Finance Property Bank Australia drops home loan rates below 3 per cent ahead of RBA meeting

Bank Australia drops home loan rates below 3 per cent ahead of RBA meeting

Home loan rates are falling. Photo: Getty
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Bank Australia has joined the growing club of lenders offering home loan rates below 3 per cent.

The non-major lender has cut its Basic Home Loan rate to just 2.95 per cent (2.99 per cent comparison rate) in response to increased competition in the mortgage market.

And Bankwest has slashed rates on all of its fixed loans, too.

Commonwealth Bank-owned Bankwest now charges 2.93 per cent (3.84 per cent comparison rate) and 4.09 per cent (3.85 per cent comparison rate) on its fixed 3-year and 5-year owner-occupier loans respectively.

Canstar financial services executive Steve Mickenbecker told The New Daily the cuts reflected the “incredibly competitive” nature of today’s mortgage market.

“Rates are falling even though the Reserve Bank hasn’t met for the best part of two months, so the market’s very competitive and everyone wants to gain market share,” he said.

“Some of them lost a lot during the royal commission, so there’s a real effort to claw back that market share.”

Neither Bankwest nor Bank Australia are the most competitive.

Bankwest has also made some of their interest-only investor loans cheaper than their interest-only owner-occupier loans.

Mr Mickenbecker said this showed banks were loosening restrictions on investor lending that APRA first imposed in 2017.

Clint Howen, founder of online site Hero Broker, told The New Daily the competitive pricing showed banks believed house prices would continue to rise.

“Now that the doomsday has come and gone in the property market, banks feel confident in giving money to people who want to invest in property,” Mr Howen said.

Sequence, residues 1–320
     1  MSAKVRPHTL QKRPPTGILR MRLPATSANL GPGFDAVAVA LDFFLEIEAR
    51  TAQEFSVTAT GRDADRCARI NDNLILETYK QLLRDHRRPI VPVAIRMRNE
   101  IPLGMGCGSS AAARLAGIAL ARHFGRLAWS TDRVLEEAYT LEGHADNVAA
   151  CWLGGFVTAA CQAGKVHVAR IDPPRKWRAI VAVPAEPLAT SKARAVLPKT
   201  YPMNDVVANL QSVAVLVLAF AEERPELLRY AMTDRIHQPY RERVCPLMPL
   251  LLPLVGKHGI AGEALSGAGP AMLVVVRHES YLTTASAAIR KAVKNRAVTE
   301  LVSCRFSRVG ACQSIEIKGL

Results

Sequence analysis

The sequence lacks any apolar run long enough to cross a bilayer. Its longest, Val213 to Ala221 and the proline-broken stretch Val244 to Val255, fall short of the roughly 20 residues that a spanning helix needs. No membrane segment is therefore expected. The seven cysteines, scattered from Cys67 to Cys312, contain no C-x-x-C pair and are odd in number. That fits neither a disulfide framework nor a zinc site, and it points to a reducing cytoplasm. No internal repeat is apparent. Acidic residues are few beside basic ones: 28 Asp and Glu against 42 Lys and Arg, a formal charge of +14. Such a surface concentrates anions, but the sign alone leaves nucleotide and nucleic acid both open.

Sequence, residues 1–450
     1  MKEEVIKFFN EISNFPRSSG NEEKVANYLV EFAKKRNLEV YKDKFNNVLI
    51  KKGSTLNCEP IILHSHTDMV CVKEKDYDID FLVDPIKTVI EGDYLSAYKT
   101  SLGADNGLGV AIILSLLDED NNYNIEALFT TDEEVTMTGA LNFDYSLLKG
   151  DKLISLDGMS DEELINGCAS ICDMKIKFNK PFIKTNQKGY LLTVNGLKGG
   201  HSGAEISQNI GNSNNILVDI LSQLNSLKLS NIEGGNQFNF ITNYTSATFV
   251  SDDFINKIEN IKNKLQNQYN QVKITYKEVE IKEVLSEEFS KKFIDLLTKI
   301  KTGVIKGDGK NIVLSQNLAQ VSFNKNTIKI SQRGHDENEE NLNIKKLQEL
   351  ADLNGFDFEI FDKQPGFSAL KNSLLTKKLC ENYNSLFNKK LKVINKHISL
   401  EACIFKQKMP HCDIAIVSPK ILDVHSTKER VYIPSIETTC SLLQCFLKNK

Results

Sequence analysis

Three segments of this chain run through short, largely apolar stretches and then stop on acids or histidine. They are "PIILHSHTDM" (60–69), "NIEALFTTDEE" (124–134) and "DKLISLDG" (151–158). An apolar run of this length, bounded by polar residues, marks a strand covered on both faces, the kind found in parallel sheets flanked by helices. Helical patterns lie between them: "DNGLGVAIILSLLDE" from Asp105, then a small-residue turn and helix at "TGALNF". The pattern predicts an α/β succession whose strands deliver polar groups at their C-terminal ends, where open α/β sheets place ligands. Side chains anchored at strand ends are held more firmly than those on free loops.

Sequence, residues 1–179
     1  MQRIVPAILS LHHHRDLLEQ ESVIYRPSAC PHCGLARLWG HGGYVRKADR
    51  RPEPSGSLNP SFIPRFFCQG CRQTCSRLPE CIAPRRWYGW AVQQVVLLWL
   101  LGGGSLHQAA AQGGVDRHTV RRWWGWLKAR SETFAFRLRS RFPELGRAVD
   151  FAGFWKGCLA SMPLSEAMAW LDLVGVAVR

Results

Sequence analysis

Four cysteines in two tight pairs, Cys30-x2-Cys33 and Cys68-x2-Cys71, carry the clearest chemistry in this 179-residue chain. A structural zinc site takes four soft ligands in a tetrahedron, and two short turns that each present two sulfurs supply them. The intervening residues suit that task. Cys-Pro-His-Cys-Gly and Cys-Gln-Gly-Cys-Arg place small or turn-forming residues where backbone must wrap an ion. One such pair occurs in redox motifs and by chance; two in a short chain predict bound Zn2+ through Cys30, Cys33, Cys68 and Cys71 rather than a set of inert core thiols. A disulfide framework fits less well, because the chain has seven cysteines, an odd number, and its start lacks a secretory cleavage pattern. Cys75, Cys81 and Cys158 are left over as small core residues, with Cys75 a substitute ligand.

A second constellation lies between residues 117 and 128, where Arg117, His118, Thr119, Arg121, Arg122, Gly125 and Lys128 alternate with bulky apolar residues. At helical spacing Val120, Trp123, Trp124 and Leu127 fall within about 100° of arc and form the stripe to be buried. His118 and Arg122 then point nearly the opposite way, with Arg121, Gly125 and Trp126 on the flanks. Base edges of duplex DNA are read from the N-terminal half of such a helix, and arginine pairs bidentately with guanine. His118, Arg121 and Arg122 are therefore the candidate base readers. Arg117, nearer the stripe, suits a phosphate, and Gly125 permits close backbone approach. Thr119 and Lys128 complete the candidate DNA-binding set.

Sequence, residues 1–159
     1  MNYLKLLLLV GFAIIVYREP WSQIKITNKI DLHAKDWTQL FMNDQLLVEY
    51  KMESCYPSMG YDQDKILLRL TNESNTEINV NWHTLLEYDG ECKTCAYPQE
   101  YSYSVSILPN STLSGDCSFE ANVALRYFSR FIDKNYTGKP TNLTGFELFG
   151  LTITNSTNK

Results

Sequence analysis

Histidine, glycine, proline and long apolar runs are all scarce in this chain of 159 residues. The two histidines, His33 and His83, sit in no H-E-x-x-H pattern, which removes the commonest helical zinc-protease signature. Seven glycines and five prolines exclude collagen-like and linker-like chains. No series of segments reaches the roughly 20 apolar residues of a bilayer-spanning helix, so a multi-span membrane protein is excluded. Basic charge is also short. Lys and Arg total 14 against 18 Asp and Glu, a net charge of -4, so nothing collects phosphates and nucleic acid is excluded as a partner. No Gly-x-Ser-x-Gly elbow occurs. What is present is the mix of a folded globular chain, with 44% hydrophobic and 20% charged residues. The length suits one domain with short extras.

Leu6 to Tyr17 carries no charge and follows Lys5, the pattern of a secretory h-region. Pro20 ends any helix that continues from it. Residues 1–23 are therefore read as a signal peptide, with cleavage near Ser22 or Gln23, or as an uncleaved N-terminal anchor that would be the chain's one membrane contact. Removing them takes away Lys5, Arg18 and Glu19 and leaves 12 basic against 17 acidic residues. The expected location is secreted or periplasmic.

“Sometimes it’s to do with their pools, as well,” he added.

“Bankwest might feel that their loan book is too loaded up on owner-occupiers.”

The home loan cuts come after the nation’s largest broker network, AFG, found the market share of the major lenders had dropped to a new record low.

AFG’s latest index, released on Thursday, showed non-major lenders accounted for 47 per cent of new mortgages in the September quarter – the highest proportion since 2007.

“For the first time more than half of the loans taken out by property investors were secured through non-major banks, while first home buyers (traditionally strong supporters of the majors) also voted with their feet, with a record 36 per cent of loans arranged with a non-major bank,” the report said.

Macquarie Bank and Citibank were the non-major lenders that increased their market share the most in 2019, while NAB made the biggest gains among the top four.

The report found the value of new home loans in the last three months of 2019 was up 19 per cent on the year before.

“It’s very clear that buyers have been enticed back to the market and the data is showing us that there is an incontestable trend away from the major banks,” AFG chief executive David Bailey said.

“Consumers are empowered by the enhanced competition in the home loan sector generated by mortgage brokers and are reaping the benefits through greater choice and lower prices.”

The Reserve Bank is unlikely to add to the downward pressure on rates next month, though.

Market expectations of a February rate cut plummeted to 25 per cent following a stronger than expected employment report.

ABS figures showed Australia’s unemployment rate dropped from 5.2 per cent to 5.1 per cent in December.

While that same jobs report showed 300 full-time jobs had been lost and underemployment remained at 8.3 per cent, the market interpreted the data as good news.

And most economists now believe the Reserve Bank will hold fire on February 4.

Meanwhile, ANZ, CBA, Westpac and AMP Capital have all abandoned their expectations of a rate cut next month, with most forecasting the first of two cuts will come in April.

Westpac chief economist Bill Evans said the slight improvement in the unemployment rate was “unsustainable” given persistent weakness in the economy.

“We believe that the current positive signals around the labour market will prove to be unsustainable and we continue to expect that the unemployment rate will drift higher through 2020, reaching 5.5 per cent by mid-year,” Mr Evans said.

“We also expect that the data associated with the core issues highlighted by the Board – wages growth; inflation; consumer spending – will signal that further monetary stimulus will eventually be required.”

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